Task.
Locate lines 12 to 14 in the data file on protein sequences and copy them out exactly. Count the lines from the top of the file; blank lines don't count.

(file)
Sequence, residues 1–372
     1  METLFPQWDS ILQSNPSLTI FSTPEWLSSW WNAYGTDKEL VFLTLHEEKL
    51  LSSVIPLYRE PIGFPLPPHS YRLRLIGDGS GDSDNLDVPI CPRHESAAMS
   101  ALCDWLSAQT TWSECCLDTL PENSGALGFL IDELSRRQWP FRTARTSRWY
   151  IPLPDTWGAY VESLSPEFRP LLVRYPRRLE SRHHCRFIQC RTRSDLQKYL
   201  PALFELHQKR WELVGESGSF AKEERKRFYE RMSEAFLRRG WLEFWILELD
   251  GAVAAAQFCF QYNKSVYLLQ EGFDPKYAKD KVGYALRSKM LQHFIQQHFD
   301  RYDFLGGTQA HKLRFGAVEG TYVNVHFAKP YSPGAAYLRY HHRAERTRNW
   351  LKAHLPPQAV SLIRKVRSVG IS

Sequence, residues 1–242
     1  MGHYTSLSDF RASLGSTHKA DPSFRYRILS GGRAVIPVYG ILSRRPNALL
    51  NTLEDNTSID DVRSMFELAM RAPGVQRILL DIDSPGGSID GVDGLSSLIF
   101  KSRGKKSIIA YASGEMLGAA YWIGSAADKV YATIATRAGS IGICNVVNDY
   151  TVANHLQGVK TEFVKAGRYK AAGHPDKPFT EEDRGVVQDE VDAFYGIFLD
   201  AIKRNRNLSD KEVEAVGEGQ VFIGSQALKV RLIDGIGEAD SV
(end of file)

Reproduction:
    51  NTLEDNTSID DVRSMFELAM RAPGVQRILL DIDSPGGSID GVDGLSSLIF
   101  KSRGKKSIIA YASGEMLGAA YWIGSAADKV YATIATRAGS IGICNVVNDY
   151  TVANHLQGVK TEFVKAGRYK AAGHPDKPFT EEDRGVVQDE VDAFYGIFLD